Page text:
Electromagnetic pulses (EMP) are short bursts of electromagnetic energy that can be either natural or artificial. They can manifest themselves as an electromagnetic field, electric field, magnetic field, or conducted electrical current. An EMP can disrupt communications and damage electronic equipment, such as buildings and aircraft. To manage the effects of an EMP, a branch of electromagnetic compatibility (EMC) engineering is used. A high-altitude electromagnetic pulse (HEMP) weapon is a non-nuclear warhead designed to detonate high above the Earth's surface.
These pulses have a very sharp edge of attack and quickly reach their maximum level. The concept of a flow compression generator with explosive pumping to generate a non-nuclear EMP was first proposed by Andrei Sakharov in the Soviet Union in 1951. Since then, countries have been working on the classification of non-nuclear EMPs. An EMP usually consists of many frequencies, from a low limit to an upper limit, depending on the source. To achieve the desired frequency characteristics for optimal coupling to the target, wave-forming circuits or microwave generators are added between the pulse source and the antenna. These pulses are usually in the form of a rectangular or square pulse. According to Maxwell's equations, an electrical energy pulse will always be accompanied by a magnetic energy pulse.
Induced pulses have much lower energy than threat pulses and are therefore easier to create, but they are less predictable. There is also the emerging threat of electromagnetic pulse (EMP) attacks, in which mobile devices can become inactive and permanently unusable. Even so, an attacker could cause the crucial flaw by moving his hand over the device while holding a small EMP generator. These frequencies cover a wide range, from 9 kilohertz (kHz) to 300 gigahertz (GHz), and represent the rate of oscillation of electromagnetic radiation within the electromagnetic radio wave spectrum. The first recorded damage caused by an EMP was during the solar storm of August 1859, or the Carrington event.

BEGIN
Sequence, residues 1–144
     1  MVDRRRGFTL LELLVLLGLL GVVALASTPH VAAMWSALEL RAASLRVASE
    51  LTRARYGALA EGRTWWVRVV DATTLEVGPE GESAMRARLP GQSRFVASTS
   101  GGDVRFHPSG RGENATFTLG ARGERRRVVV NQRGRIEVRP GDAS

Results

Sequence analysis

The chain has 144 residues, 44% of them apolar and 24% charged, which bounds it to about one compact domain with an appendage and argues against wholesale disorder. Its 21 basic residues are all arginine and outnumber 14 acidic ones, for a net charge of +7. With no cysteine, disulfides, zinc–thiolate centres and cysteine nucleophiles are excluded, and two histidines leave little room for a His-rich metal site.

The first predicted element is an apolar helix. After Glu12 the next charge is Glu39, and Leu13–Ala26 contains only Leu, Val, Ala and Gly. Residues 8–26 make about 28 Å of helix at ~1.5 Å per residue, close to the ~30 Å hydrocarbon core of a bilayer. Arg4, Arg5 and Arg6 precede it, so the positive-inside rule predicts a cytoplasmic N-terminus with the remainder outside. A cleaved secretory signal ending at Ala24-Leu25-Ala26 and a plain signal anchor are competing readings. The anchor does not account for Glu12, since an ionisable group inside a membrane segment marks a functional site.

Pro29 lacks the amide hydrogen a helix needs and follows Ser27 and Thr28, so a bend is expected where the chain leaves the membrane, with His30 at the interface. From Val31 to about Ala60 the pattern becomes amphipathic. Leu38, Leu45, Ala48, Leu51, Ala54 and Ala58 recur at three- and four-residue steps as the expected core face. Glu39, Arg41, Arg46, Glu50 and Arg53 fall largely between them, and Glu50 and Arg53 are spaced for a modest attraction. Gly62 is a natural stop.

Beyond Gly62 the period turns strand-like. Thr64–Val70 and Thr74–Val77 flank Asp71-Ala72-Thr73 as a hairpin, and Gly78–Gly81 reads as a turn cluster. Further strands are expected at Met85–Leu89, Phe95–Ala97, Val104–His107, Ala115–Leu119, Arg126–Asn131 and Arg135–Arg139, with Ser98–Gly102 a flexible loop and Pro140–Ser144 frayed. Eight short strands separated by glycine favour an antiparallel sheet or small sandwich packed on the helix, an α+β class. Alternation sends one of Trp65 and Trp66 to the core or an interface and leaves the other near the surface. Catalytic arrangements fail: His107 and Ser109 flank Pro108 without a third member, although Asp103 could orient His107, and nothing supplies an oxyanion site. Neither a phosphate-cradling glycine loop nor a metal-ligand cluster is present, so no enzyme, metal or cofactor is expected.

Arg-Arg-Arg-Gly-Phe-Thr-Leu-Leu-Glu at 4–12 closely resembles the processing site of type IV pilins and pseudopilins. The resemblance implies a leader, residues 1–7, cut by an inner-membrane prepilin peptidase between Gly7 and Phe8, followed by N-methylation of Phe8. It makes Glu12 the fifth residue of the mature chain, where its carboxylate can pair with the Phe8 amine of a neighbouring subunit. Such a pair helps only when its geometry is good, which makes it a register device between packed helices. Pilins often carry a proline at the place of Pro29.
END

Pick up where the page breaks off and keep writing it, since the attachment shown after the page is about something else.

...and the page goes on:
At the recent ReCon computer security conference, Ang Cui from Red Balloon Security and research scientist Rick Housley presented a new approach to hacking processors using EMPs to produce specific hardware faults. To protect against malicious software attacks using EMPs, it is important to understand how they work and what measures can be taken to mitigate their effects. One way to do this is by using EMC engineering principles to design systems that are resistant to EMPs. Additionally, it is important to use shielding materials such as aluminum foil or copper mesh around sensitive components to reduce their vulnerability to EMPs. Finally, it is important to use surge protectors and uninterruptible power supplies (UPS) for critical systems.